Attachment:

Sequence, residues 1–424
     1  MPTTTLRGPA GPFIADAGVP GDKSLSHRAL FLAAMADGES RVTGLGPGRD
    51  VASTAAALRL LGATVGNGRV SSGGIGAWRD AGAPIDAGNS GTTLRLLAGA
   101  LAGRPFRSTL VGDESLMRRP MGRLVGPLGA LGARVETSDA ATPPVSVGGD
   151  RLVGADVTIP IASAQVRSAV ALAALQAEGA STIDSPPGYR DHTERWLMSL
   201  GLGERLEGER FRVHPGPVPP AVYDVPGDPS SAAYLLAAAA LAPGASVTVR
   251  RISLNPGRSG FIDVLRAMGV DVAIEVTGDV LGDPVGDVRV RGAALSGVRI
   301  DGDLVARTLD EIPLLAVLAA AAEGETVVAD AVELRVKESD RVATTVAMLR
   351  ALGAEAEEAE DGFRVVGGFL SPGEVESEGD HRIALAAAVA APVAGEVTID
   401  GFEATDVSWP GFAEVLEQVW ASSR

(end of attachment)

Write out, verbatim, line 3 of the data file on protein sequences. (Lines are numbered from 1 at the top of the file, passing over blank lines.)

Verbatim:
    51  VASTAAALRL LGATVGNGRV SSGGIGAWRD AGAPIDAGNS GTTLRLLAGA